Charles II Silver Beaker
Maker: Robert King
A large antique silver trumpet beaker of tall, tapered, cylindrical design having a plain base with simple foot wires. Around...
A large antique silver trumpet beaker of tall, tapered, cylindrical design having a plain base with simple foot wires. Around the top there is a band of hatched foliate decoration with flower and scroll ornament trailing below. Unusually large size for a mid 17th century beaker. Underneath there is a date of 1667 engraved together with owners initials.
Contains 850 ml.
Weight 323 grams. Height 17cm. Diameter 11.5cm.
Maker attributed to Robert King – see David Mitchell’s “Silversmiths in Elizabethan and Stuart London”.
Literature. *It is unusual to have a maker’s name for a piece of silver of this early date as there are no precise records of silver makers’ marks prior to 1697. All records were destroyed in the fire at Goldsmiths Hall in 1681 when the Assay Office and apartments of the Assayer and Clerk in the south west wing of the building were burned down. From 1697 onwards Goldsmiths Hall has preserved a complete record of workmen’s marks, addresses, together with their names and the dates. Sometimes the details of makers can be discovered from old records such as the inventories of noble houses and other institutions.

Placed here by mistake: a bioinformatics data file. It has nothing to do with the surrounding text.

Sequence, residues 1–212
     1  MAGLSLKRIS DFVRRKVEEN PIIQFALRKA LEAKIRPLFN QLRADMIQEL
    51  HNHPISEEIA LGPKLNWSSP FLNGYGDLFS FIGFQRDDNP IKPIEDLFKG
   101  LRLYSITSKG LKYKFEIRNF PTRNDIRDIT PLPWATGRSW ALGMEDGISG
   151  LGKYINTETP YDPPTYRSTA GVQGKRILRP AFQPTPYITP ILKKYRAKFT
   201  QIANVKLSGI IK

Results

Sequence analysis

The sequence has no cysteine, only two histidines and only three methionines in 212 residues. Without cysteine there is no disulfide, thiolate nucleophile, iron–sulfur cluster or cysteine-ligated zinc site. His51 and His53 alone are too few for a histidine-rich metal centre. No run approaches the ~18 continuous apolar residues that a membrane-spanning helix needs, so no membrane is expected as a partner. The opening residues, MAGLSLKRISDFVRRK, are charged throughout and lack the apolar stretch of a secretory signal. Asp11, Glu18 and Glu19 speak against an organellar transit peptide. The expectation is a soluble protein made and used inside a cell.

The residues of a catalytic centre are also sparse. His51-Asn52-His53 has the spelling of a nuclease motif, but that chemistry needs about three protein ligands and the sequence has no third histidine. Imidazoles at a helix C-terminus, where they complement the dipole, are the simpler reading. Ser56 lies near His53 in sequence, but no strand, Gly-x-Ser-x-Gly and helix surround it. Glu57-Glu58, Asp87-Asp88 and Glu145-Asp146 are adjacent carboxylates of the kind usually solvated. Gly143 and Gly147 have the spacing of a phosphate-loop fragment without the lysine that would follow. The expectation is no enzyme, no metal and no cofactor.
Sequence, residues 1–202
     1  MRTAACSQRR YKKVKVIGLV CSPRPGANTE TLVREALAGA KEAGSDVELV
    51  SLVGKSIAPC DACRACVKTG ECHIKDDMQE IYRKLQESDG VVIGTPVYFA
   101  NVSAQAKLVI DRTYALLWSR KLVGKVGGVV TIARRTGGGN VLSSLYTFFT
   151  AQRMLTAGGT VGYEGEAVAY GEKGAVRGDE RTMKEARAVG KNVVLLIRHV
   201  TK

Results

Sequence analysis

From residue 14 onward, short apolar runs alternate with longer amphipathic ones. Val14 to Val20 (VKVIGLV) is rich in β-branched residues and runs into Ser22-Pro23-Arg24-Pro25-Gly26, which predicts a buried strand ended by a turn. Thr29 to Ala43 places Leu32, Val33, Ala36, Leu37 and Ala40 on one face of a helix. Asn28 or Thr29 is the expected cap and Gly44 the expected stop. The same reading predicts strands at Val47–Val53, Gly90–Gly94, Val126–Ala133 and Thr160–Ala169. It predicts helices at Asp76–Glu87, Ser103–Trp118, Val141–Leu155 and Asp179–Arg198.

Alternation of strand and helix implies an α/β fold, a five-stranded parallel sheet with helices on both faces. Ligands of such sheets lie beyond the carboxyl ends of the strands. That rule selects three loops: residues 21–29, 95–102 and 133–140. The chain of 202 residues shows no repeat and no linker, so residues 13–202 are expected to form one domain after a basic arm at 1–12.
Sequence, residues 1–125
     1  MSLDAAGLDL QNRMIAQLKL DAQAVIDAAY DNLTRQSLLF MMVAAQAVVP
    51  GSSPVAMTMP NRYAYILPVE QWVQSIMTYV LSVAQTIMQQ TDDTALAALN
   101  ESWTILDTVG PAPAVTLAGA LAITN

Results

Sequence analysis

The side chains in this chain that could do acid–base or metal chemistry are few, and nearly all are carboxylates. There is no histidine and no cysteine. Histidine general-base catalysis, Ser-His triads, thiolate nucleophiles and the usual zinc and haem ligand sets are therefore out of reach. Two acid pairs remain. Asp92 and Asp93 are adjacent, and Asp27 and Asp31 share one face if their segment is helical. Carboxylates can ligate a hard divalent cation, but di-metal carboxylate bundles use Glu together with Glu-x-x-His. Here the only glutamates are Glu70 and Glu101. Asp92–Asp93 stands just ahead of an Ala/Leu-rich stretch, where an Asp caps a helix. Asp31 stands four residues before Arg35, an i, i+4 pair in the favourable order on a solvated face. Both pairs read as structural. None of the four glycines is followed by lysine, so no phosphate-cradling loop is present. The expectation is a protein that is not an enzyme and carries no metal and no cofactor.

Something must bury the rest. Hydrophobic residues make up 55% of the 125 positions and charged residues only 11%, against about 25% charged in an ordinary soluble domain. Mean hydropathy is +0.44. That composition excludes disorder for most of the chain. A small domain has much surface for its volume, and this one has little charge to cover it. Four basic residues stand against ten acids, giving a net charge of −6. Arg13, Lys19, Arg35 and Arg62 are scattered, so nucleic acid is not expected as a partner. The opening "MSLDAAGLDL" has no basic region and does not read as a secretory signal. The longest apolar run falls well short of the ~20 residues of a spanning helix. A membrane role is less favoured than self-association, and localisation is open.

The first surviving record, after the fire at Goldsmiths Hall, is the 1682 copper plate made to start the recording process again. This has recently prompted a study by Dr David Mitchell, supported by Goldsmiths Hall, resulting in the publication of his 2017 “Silversmiths in Elizabethan and Stuart London”. This reference work identifies previously unknown makers marks and assigns marks struck on existing plate to individuals (attributions for 540 separate marks).
The beaker is in very good condition. Stamped underneath with a full set of clear English silver hallmarks. The engraving has a bit of wear but still has definition. Please note that this item is not new and will show moderate signs of wear commensurate with age. Reflections in the photograph may detract from the true representation of this item.
Maker: Robert King
Robert King, London silversmith, apprenticed to Tobias Coleman in the Girdlers Company, free by service in 1655. There are no records, however it’s likely that Robert was bound during the Civil War period, when there was a high demand for sword belts and other military paraphernalia, which formed part of the girdler’s trade. Coleman was duel trade, both girdler and skilled silversmith sworn to the Ordinances of the Goldsmiths Company, enabling him to continue working when the market for domestic and ecclesiastical plate collapsed in 1642. Robert had 3 younger brothers, Thomas, John and Adam, all free of the Goldsmiths Company. Robert also bound 3 apprentices including Francis Garthorne who became a leading platemaker and was appointed a subordinate goldsmith within the Jewel House.
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